There they were, sprawled out on lawn chairs in jeans rolled up to their knees, getting redneck tans on their legs, listening to the Everly Brothers who, back then, resembled the hoods.
(We were Buddy Holly fans. Not as threatening as Don and Phil, but not as white-bucks as Pat Boone.)
The three brothers were drinking beers from long neck bottles, even the youngest that was our age. The the two old brothers also had their debs with them in short shorts and halter tops; debutants who hung with hoods.
We had brought our pea shooters and a pocketful of peas intending to rain holy hell on these hoods. And if that didn’t tame them, we could always have our friend’s dad arrest them in the name of J. Edgar Hoover.
We synchronized our watches, and then with a blood-curdling scream we let fly a fusillade of peas from out straw-shaped shooters.
Only now did the shortcoming in our plan reveal itself. We had only thought the scheme out to this point. We had not considered an effective exit strategy. And that was a serious error.
Their surprise at the attack gave was to a blistering fury when they saw us up on the garage roof. Even without a plan of what to do now, it was clean we had to get down off the roof.
So we jumped down and got on our bikes. I don’t mean we landed on them, like some cowboys could jump from a roof and land on a galloping horse. No, we took the safer, two-step process. Jump then mount.
And we were off. And then they were off on their motorbikes in hot pursuit. Our strategic advantage was that we knew the neighborhood; we knew yards we could cut through; the alleys that dead-ended; until we finally came to the alley behind our home on Ashland.
We dragged our bikes into the backyard, thinking they would not dare come into private property. We were fighting the Communists who wanted to take our private property. This would not stand.
They jumped off their motorbikes and came into our backyard. The hell is this…? We ran up the back steps and into the kitchen. Surely, they would not dare come into a private home. I was so sure of that I neglected to lock the back screen door. They came up the back steps, three at a time. And into the kitchen.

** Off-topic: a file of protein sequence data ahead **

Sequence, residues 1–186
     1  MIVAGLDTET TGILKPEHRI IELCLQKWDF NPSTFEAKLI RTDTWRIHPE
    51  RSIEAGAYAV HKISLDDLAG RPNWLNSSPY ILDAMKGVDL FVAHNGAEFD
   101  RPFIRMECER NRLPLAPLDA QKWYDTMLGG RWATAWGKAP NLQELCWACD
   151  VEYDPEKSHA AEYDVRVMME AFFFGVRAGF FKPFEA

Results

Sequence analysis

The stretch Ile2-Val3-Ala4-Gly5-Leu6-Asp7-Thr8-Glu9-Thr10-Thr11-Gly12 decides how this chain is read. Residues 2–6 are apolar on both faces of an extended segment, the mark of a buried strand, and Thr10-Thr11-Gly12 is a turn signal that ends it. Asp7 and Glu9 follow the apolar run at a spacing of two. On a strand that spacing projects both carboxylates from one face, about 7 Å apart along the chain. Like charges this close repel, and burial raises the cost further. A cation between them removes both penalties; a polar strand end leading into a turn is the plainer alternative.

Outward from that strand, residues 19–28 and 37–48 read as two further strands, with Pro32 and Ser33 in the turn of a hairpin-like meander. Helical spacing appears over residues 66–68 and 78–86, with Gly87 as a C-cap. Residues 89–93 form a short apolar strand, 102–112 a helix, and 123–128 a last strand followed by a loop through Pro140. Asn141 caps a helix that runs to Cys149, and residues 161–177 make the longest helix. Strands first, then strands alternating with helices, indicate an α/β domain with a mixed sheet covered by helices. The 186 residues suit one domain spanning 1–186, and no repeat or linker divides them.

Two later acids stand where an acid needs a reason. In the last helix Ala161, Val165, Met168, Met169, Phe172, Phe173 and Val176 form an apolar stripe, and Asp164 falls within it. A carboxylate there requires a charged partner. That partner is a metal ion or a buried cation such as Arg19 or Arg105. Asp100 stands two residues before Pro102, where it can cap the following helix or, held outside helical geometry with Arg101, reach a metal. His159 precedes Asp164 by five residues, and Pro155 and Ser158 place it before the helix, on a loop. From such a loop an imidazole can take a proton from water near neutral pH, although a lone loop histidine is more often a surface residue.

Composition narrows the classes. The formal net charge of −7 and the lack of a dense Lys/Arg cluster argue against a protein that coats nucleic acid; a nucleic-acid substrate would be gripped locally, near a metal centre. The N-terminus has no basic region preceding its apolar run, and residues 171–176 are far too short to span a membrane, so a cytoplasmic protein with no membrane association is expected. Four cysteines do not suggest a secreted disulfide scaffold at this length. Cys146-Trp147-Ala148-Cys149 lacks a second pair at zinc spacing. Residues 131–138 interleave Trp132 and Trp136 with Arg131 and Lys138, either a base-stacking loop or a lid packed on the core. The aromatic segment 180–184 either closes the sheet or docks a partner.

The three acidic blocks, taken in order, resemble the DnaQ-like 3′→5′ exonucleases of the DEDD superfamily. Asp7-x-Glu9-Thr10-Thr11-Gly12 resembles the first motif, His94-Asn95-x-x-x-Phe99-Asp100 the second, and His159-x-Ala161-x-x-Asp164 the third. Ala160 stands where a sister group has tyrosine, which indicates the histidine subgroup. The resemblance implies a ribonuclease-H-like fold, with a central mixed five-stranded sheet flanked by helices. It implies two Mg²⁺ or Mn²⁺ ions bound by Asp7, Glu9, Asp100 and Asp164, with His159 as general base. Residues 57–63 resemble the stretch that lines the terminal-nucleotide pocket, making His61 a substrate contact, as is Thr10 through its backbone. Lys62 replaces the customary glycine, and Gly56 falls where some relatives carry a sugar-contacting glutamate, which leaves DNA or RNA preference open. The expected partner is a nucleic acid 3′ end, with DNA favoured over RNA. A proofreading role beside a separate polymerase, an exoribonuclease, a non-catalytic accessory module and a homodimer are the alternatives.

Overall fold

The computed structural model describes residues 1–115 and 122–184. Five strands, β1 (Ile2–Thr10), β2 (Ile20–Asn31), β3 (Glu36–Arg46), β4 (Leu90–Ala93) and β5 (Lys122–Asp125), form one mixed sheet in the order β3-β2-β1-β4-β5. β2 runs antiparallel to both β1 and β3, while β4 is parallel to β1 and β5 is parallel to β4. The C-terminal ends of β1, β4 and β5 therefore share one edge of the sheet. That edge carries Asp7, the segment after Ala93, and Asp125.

This was too much. There were four of us and three of them, so it might seem we had the manpower advantage. But we were wearing black Converse high-tops. They were wearing black Engineer boots that could be lethal on the feet of someone in a killer rage.
So here are four of us on one side of the kitchen table, and the three hoods on the other, itching to kick us to kingdom come.
Except, they had not planned to invade a private home that morning. They were as surprise to be there as we were to see them there. Even the realized they’d overstepped the boundaries.
But there they were and they couldn’t just say Pardon Us and retreat.
Now, my grandmother lived with us. She was in her late 90s, mentally alert but she tired easily. So every afternoon she took a nap.
The commotion in the kitchen downstairs awakened her and she decided to source the noise on a summer afternoon. She came down in such a hurry she had not put her dentures in or combed her wispy hair. She did, however, remember to carry her cane for support.
She entered the kitchen behind our backs, but very visible to the hoods who suddenly stopped their threatening actions and stood stock still frozen in place.
Grandma’s sepulchral face, her sunken, toothless cheeks, wild white hair, and wispy cotton nightgown were terror enough for these guys unaware of the fury of an Irish grandmother seeing her brood in danger (think Mrs. Rose Kennedy).
Then she raised her cane as she moved past us and began to bear down on the hoods. They did not run out of our kitchen, they flew, leaping the back steps in a single bound.
I am happy to say that the younger kids on the block were never robbed of their pocket money again after that day.
© 2022 Thomas Mahon
Copyright of the photo belongs to the registered copyright holder